But the elements that will truly distinguish Doctor Strange from the rest of the Marvel Cinematic Universe are the magical action scenes. “We wanted to do something different,” Feige said, “We wanted to tap into this notion of the multiverse, of dimensions right next to our own. And if you were able to tap into those dimensions, and those other powers, what could you do if you pulled aspects of those other dimensions into our realm? All in the interest of creating a visual tapestry that is totally different in terms of an action scene we’ve seen in any other movies.”
So while there will be some of the expected lightning versus lightning throwing, Derrickson really wanted to get away from action beats people had already seen.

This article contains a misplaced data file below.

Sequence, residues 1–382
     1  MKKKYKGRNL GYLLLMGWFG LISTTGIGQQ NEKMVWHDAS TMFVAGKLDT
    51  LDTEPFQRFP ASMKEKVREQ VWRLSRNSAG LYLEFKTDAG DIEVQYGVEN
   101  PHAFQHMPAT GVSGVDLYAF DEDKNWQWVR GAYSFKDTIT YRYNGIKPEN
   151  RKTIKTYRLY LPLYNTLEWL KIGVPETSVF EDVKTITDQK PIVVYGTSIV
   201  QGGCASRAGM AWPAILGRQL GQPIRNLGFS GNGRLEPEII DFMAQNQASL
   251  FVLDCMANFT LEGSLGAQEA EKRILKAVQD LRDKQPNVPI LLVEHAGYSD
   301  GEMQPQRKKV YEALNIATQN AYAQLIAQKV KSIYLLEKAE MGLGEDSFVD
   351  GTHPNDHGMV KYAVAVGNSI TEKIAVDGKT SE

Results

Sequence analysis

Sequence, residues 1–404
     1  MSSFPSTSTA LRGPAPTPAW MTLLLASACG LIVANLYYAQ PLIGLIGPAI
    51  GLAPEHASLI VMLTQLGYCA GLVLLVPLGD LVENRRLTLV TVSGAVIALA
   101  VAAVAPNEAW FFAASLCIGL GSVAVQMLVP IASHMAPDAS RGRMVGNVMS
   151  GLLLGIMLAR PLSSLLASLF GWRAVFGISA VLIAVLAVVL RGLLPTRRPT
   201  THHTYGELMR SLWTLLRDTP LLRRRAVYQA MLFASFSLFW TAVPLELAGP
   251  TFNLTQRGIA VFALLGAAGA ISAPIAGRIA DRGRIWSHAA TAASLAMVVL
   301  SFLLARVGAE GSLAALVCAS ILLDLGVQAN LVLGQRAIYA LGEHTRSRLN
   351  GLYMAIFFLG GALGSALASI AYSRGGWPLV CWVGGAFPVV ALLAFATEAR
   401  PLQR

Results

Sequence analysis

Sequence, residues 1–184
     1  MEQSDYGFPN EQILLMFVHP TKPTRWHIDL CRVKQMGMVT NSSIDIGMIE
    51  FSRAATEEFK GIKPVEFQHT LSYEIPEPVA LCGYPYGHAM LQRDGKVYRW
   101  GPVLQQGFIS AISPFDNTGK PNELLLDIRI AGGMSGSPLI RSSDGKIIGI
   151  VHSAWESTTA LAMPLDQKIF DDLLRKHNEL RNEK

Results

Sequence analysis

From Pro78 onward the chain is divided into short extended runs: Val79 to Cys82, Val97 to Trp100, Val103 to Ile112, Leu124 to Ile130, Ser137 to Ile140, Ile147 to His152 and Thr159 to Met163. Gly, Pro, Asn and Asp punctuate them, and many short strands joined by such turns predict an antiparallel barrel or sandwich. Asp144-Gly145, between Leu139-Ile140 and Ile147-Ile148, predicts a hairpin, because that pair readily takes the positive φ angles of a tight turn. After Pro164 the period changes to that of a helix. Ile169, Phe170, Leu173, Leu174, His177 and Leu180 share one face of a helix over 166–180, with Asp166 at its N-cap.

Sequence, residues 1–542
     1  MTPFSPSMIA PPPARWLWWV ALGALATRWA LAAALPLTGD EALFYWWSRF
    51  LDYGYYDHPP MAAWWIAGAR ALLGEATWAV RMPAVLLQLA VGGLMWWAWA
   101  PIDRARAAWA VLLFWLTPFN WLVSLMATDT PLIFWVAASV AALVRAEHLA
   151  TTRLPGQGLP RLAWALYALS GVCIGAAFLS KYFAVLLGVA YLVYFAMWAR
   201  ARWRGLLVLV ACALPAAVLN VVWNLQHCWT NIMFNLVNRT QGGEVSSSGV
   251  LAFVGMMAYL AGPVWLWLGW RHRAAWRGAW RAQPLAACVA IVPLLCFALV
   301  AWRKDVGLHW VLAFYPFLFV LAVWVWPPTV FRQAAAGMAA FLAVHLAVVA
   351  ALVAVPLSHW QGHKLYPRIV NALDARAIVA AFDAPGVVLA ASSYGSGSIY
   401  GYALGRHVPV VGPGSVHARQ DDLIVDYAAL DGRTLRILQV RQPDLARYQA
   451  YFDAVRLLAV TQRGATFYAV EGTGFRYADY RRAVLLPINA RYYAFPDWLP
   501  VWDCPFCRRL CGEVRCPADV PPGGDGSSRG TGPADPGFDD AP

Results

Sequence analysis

“I really feel like magic has been drawing on the Emperor in Star Wars for over 30 years,” said Derrickson. “[Our] fighting is always within a context of something more fantastical, more surreal and more mind-trippy than just the supernatural action of combat.”
Cumberbatch and Derrickson share a moment in the Sanctum Sanctorum.
With location shooting in Nepal and Kathmandu, and on multiple stages in London and even New York, Doctor Strange promises to do what Marvel does best. Prove that a good character will drive a good story and, in the case of D Strange, hopefully even drive a whole new dimension.
“We have a studio that trusts us and lets us do what we want for the most part with the creative. We have audiences that seem to be embracing whether they have heard of the characters or not,” Feige said. “Let’s use that to make as interesting and different and unique a story as possible and not just stay with the same thing. And [Doctor Strange] is certainly the embodiment of that.”
Doctor Strange opens October 27.
Note: Disney paid for Gizmodo’s travel to London to visit the Doctor Strange set.